AIM: Current International Association of the Diabetes and Pregnancy Study Groups/World Health Organization gestational diabetes mellitus (GDM) diagnostic thresholds are based on a landmark study in which the pre-analytical plasma glucose sampling methodology is unclear. Worldwide, plasma glucose pre-analytical sampling methodology practices are divergent. We considered the effects of pre-analytical plasma glucose sampling methodology on GDM prevalence and gestational outcomes. METHODS: This is a retrospective observational cohort study of 1178 pregnant women undergoing an oral glucose tolerance test (OGTT). Of the 1178 pregnant women, a subset of 892 non-GDM women with singleton births undergoing OGTT between 24 and 28 weeks' gestation were investigated for large for gestation age (LGA) outcomes. OGTT were determined using traditional methods (sodium fluoride tubes batched at roomed temperature). We modelled the potential effects of using a recommended pre-analytical plasma glucose methodology (lyophilized citrate tubes) on GDM prevalence. RESULTS: The GDM prevalence in our cohort was 13.5%. The incidence of LGA showed a linear association with maternal plasma glucose that was similar to the association observed in the Hyperglycemia and Adverse Pregnancy Outcome study. Frequency of LGA exceeded 10% at HAPO glucose category 4 (fasting, 4.8 to 4.9 mmol/l; 1-h, 8.7 to 9.5 mmol/l) for fasting and 1-h plasma glucose. The use of a recommended pre-analytical method is projected to increase the prevalence of GDM to 39.2%. CONCLUSION: We challenge the consensus that recommended pre-analytical plasma glucose methodologies are optimal for the accurate diagnosis of GDM. Recommended pre-analytical plasma glucose methods may profoundly over-diagnose GDM. Centres using recommended pre-analytical plasma glucose methodologies may need to reappraise their diagnostic thresholds.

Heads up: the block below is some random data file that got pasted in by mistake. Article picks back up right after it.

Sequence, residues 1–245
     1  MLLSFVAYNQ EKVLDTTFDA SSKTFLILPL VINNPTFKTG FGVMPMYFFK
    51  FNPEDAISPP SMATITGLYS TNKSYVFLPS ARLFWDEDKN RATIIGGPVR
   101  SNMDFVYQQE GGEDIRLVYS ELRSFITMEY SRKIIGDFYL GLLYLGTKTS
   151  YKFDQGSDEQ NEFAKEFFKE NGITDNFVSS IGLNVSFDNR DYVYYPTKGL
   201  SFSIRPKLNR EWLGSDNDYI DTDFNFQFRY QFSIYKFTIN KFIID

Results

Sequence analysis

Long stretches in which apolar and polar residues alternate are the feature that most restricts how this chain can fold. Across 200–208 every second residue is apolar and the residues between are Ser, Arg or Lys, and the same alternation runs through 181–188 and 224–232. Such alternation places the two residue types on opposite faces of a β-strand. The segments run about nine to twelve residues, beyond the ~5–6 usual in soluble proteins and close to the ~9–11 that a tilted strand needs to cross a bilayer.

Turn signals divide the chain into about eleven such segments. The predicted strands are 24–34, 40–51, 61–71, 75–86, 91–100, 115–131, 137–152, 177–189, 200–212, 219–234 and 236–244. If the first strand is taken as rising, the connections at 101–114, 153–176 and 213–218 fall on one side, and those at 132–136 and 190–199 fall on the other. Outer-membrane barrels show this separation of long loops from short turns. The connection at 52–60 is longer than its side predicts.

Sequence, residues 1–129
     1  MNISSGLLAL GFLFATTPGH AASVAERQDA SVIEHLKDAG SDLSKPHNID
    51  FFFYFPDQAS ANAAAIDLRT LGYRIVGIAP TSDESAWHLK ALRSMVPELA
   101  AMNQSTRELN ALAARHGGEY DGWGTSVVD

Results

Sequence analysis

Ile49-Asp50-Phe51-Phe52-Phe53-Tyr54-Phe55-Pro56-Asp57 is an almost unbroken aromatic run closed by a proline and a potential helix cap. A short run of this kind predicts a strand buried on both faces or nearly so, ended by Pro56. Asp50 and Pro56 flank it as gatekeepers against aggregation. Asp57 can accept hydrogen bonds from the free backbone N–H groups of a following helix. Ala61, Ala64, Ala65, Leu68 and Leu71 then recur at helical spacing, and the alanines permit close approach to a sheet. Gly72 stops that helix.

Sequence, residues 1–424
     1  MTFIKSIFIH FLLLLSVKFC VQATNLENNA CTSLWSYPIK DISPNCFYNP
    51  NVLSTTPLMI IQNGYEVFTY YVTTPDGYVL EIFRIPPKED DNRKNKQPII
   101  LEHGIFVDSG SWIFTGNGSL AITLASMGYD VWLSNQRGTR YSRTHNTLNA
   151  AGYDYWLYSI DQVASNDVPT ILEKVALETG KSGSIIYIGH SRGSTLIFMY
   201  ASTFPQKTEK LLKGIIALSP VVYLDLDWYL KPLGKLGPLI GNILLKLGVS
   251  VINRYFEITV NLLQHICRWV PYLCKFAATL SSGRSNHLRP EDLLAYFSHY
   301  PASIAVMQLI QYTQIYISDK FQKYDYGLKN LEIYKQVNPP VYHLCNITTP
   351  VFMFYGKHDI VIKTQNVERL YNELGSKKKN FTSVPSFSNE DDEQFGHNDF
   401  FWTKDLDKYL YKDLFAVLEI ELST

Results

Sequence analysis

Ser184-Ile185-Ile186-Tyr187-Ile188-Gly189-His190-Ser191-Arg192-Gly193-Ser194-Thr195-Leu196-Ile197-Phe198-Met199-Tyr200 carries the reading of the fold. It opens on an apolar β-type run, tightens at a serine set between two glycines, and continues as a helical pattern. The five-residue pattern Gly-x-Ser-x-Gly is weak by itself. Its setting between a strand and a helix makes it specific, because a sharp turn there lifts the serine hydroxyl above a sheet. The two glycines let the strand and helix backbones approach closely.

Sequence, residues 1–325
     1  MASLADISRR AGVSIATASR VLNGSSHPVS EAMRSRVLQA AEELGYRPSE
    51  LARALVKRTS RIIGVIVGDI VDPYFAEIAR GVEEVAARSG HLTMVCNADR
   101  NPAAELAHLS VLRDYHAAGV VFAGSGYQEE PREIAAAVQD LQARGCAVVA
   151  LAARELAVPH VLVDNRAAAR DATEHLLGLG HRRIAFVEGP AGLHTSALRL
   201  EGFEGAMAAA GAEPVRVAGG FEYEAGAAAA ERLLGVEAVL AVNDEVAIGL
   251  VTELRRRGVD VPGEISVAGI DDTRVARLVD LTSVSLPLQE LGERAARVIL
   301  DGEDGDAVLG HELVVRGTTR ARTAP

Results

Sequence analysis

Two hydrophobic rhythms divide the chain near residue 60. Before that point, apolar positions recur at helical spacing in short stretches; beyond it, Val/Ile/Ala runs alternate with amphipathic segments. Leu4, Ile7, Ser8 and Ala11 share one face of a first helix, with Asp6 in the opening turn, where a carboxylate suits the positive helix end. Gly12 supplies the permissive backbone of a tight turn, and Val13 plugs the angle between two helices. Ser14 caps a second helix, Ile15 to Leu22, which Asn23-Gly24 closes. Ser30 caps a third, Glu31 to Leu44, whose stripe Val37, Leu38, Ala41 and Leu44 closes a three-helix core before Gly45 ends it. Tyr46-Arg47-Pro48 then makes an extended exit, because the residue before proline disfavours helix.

Efficacy of late line pertuzumab with trastuzumab and chemotherapy in HER2-positive metastatic breast cancer: An Australian case series
BACKGROUND: Pertuzumab, when combined with trastuzumab and chemotherapy, is a highly active human epidermal growth factor receptor 2 (HER2), targeting agent in the neoadjuvant, adjuvant and first-line metastatic HER2-positive breast cancer setting. The efficacy of late-line (after first/second-line) pertuzumab in combination with trastuzumab and chemotherapy is unknown. AIMS: To establish pertuzumab efficacy by performing an audit of patients who received pertuzumab after first-line HER2 directed therapy. We sought to establish whether efficacy differed by clinicopathological factors. METHODS: The primary endpoint was progression-free survival (PFS) and the secondary endpoint, overall survival (OS). Clinicopathological factors, PFS and OS data were collated and clinicopathological factors associated with PFS were evaluated using Cox regression models. RESULTS: Fourteen women were identified. Six (43%) had hormone receptor (HR) negative and eight (57%) had HR-positive, metastatic HER2-positive breast cancer. Median follow up was 22.8 months, median prior lines of therapy were 5 (range: 1-9). Median time from diagnosis of metastatic disease to receiving pertuzumab was 4.5 years (range: 4.2-5.8). All patients received initial chemotherapy with pertuzumab and trastuzumab (taxane-based 71%). Median PFS was 9 months (95% confidence interval [CI]: 7-not estimable [NE]) and median OS was not reached (95% CI, 16 months-NE). Univariable analysis demonstrated that HR-negative patients had a significantly longer PFS than HR-positive patients (hazard ratio = 0.11; 95% CI, 0.01-0.88; P = 0.04). CONCLUSION: This small cases series reports a favorable PFS and OS for pertuzumab with trastuzumab and chemotherapy in the later line metastatic setting. This finding warrants further study.